The DFI selection committee green-lit 5 projects: ALIDé (Benin), ASSILASSIMÉ SOLIDARITÉ (Togo), EBO SACCO (Uganda), MILLENIUM MICROFINANCE (Togo) and WASASA (Ethiopia), for a co-financed amount of EUR 188,400. Other projects are still being drafted as of the end of 2020 ahead of their submission to the committee.
The DFI also launched the F2.0 ("Farmer 2.0") rural financial inclusion project, including the creation of a web platform to link the various players in the agricultural value chain.

Phase 3 – Implementation: 5 projects completed in 2020.

COOPEC-SIFA (Togo)
The 41,000 members of COOPEC-SIFA can now make their transactions in all the branches of the MFI's network.


MILLENIUM MICROFINANCE (Togo) set up a W2B B2W solution for its clients in December 2020; 
COOPEC-SIFA (Togo) provided its agents with a mobile solution, runs a centralised database and started giving its clients the opportunity to conduct operations across the network in October 2020; and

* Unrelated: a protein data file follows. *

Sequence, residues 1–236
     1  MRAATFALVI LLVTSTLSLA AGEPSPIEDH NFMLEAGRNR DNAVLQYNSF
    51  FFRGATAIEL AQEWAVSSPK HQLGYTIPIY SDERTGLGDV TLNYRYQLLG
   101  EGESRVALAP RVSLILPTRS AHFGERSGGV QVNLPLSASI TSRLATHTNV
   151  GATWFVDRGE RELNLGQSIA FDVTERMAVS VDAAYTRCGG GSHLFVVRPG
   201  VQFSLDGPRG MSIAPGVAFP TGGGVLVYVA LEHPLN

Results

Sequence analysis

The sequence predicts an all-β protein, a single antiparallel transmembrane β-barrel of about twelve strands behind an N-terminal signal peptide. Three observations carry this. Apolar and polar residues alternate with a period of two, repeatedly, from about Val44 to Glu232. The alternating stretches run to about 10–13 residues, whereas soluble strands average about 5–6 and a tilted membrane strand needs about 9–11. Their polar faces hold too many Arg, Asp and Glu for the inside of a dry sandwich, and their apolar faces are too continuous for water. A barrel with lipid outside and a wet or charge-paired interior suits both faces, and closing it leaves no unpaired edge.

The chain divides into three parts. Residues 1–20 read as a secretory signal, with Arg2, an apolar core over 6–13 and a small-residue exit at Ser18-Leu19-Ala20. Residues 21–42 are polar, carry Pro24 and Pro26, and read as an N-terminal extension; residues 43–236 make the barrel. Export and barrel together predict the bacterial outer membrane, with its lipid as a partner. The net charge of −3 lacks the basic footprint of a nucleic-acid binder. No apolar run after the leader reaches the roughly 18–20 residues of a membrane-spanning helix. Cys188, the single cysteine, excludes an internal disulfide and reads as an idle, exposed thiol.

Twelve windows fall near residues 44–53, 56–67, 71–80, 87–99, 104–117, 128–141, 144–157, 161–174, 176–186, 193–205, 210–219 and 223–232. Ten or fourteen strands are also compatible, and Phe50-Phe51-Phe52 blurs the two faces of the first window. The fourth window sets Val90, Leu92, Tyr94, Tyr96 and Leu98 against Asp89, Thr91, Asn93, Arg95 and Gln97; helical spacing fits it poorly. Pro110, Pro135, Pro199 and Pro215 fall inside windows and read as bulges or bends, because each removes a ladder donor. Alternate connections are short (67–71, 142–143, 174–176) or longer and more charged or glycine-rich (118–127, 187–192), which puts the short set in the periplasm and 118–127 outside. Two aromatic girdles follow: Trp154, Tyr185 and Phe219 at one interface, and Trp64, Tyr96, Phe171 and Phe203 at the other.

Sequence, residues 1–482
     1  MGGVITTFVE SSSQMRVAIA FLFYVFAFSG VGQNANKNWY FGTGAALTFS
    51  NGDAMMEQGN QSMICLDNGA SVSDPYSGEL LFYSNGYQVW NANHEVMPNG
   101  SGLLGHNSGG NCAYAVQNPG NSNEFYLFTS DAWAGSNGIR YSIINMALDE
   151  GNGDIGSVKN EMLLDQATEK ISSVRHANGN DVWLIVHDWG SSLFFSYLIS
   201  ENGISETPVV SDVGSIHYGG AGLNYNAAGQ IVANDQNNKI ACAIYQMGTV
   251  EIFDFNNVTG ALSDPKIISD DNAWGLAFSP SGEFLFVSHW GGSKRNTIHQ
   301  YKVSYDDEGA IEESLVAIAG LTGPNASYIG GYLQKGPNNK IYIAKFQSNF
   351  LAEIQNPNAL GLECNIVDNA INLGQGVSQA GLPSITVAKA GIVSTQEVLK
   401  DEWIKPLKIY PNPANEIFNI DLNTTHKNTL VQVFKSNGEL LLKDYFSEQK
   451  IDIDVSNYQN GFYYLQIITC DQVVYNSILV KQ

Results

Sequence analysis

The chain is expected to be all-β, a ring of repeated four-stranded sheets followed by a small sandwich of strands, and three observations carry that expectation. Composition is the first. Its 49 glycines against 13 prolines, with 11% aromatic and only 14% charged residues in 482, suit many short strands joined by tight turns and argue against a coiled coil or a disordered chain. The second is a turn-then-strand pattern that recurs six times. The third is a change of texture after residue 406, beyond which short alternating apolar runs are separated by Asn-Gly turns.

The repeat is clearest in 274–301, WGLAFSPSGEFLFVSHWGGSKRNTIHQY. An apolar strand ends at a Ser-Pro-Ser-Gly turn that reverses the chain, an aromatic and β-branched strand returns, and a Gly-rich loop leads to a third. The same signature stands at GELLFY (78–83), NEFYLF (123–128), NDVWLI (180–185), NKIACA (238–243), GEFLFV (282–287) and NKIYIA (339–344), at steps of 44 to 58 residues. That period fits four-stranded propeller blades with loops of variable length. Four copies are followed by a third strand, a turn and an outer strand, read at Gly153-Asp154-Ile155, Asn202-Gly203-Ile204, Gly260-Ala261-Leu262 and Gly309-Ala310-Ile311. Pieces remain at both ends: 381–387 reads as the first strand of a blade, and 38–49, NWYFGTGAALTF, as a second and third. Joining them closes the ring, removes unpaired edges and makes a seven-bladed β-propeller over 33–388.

RENACA (Benin) continued to interconnect its network. 
In 2020, thanks to the implementation of these 3 projects, 152,000 clients are now able to conduct financial operations at any of the branches of their MFIs, 66 in-house mobile agents have mobile solutions at their disposal, close to 2,000 clients have subscribed to the W2B B2W service in the span of 1 month, and 2 MFIs can direct and monitor their activities in real time and in a centralised way.  

- ADA developed the F2.0 ("Farmer 2.0") platform for monitoring input loans and stock management, particularly for the development of inventory credit. In Senegal, it is already being used by UIMCEC and MEC-FADEC, two MFIs that have already received the support of the DFI.

In 2020, 750 smallholder farmers financed their inputs (91% as pure financial inclusion) via the F2.0 platform, amounting to EUR 65,000 in loans. The repayment rate was 100%, so both MFIs intend to continue and expand the pilot.